Click here to check out “How to have better brainstorming sessions” blog by Emy

It was very interesting because the brainstorm for the first session went well. They came up with more ideas and they gave me a lot of good leads. The second round where they had more time as a group and less time brainstorming alone surprisingly didn’t go as well. They were all so talkative after sharing their top 3 suggestions in Round 1 that I couldn’t completely gain control of the room and get everyone to silently brainstorm for Round 2. I even called people out for talking to their neighbor like a teacher would, and it barely had an effect on them. Their lists were also shorter for the second brainstorming session. The event we were brainstorming sponsors for is about 10 times larger than the first event, so it should have been easier to come up with sponsor ideas. The quality of suggestion in Round 2 was also not as great as the quality in Round 1.

After going back to my office and analyzing the results I came to the conclusion that having them brainstorm alone for a longer time would have benefited us more. The results were much better for Round 1. The next brainstorming session I host I plan on using a similar method to Round 1 but I will give them more time to brainstorm alone since it received the best results.

Additional Reading: How to Have Better Brainstorming Sessions

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9 Questions to Ask Yourself Before Planning a Special Event

To plan or not to plan...that is the questionHas anyone ever told you that you don’t have to pursue every great idea you’ve ever had? No? Well I will! Just because you have a great idea for an event doesn’t mean you need to go out and do it. There are a few important questions you should ask yourself before launching a new special event. I know from experience as an event producer and as an event sponsor that if you can’t answer these questions you have no business pursuing your event concept. After answering all these questions if you still think you should plan your event, then charge full steam ahead.

1. Do you have the resources and capabilities to plan this event?

If you don’t have the resources or capabilities to plan the event you have no business moving forward with the event. As an event producer you should never count on anyone else to do all the work or provide all the resources. It is extremely poor form to consider yourself an “idea person” and then expect everyone else to do the heavy lifting while you take the fame and glory. It is also poor form to approach a sponsor and expect them to pay all the bills for whatever party/event you are trying to plan. If you come into my office and ask me to sponsor your event, then tell me if I don’t sponsor you won’t plan the event, game over.

2. Is there a demand for this type of event?

Just because you like the idea doesn’t mean others will. You must ask yourself if there is demand for this type of event. If there is no demand, don’t plan the event!

3. Is this event duplicating another special event? Is this event unique? What makes it special?

If I get one more donation request for a crab feed I might scream. If you are starting a new event, try to come up with something original. You want to plan a unique event that will be an attraction. Don’t do the same old thing!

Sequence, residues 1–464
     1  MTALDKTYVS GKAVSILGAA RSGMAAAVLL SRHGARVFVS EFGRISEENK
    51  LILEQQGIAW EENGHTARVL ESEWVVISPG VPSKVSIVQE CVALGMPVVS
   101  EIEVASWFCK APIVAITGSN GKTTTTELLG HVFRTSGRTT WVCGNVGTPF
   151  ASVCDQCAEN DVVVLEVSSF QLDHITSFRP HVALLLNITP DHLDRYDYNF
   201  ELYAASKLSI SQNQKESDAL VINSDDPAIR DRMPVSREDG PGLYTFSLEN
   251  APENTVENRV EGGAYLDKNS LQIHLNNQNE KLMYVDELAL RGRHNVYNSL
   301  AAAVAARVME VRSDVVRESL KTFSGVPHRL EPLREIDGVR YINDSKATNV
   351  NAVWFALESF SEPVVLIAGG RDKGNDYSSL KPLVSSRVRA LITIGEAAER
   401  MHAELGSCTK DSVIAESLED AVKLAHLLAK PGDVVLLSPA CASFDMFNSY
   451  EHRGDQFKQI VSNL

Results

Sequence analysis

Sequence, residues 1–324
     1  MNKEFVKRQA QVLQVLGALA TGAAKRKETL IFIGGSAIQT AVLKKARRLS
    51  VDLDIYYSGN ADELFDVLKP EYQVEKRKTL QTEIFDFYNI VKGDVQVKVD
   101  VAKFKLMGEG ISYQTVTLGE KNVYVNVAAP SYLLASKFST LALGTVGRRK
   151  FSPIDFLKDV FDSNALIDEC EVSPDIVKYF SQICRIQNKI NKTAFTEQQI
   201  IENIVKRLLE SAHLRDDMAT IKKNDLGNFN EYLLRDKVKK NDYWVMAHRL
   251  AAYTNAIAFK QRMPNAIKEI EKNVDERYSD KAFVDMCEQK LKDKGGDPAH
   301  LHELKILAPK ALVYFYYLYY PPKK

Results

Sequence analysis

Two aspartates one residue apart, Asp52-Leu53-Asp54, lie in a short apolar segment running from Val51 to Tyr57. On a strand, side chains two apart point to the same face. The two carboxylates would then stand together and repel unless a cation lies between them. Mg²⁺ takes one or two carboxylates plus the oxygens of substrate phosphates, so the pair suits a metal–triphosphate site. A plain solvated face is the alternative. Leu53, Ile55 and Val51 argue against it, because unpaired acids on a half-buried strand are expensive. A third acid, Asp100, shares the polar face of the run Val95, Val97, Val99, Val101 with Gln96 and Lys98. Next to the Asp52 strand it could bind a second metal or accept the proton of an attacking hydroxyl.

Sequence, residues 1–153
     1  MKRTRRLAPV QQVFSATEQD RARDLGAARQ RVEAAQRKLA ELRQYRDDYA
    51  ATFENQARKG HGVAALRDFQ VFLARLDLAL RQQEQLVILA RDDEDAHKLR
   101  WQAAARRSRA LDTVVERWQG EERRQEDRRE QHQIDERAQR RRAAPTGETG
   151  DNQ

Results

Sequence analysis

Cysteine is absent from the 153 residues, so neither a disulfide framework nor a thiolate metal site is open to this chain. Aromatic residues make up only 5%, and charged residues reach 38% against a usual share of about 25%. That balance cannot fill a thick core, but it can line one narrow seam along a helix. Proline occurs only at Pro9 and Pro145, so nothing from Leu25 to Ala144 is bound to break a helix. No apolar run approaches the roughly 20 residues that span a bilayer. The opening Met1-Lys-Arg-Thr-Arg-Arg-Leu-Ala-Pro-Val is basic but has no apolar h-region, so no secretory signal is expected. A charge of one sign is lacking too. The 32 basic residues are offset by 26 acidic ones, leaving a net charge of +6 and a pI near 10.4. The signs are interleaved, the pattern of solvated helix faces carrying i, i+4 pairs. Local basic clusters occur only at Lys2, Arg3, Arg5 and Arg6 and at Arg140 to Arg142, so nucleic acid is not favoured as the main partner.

4. Has anyone else planned this type of event that you could learn from? What can you learn from them?

Several years ago I decided I wanted to plan a western theme bar crawl through downtown Reno. The Reno Santa Crawl was just becoming a big hit and I thought it would be a great event in June to attract tourists and locals to downtown Reno. I studied Santa Crawl online and I found the contact information for the event planner. I emailed him and asked for some advice. This is when I became friends with Matthew Goedert, one of the best event producers in Reno. Matt and I became friends over email and then we started having regular phone calls. He gave me great advice and I learned a lot from him. I firmly believe that if you don’t know something, you better ask someone.

5. Who is the competition?

When it comes to planning events there are several types of competition in my mind. You need to ask yourself who you are competing with for sponsors. Who are you competing with for event dates? Who are you competing with for event locations? One of the worst mistakes I see event planners make is not doing their research on the competition. Do your research, and if you find out you are about to plan your event on a weekend where there are several other special events, think again! This could make or break your event. You may lose out on locations, sponsors, and most of all event attendees.

6. Does this event attract the audience you want to attract?

Remember the western theme bar crawl I mentioned in #4? Well #6 is where I made a fatal mistake in my event plans. I was planning this event to get people fired up for Reno Rodeo and raise funds for one of the injured cowboy charity group. I had several bars signed on to the event, I had marketing materials designed, I had a Myspace page because it was early 2000s, I thought I had a lot of support, but I didn’t do my research. I thought for sure Reno Rodeo would support this event. I was on the Reno Rodeo Community Support Committee and we were all incredibly excited for the possibilities. Everyone I talked to wanted to be a part of the event. So the committee sent me down to present the event to the Rodeo Executive Board. I was a Wrangler Volunteer at the time and I didn’t do enough research on the board. Had I done my research, I would have known I was going to go down in flames when I presented at their board meeting. The catch with this event is that Reno Rodeo had been working hard to support their foundation, and the foundation mainly supported kids’ organizations. The last thing they wanted to do was have their name attached to an event that promoted drinking. It was the complete opposite of their charitable mission. I was trying to attract the wrong audience. They were more interested in attracting families to the rodeo and especially kids, a bar crawl was the wrong event.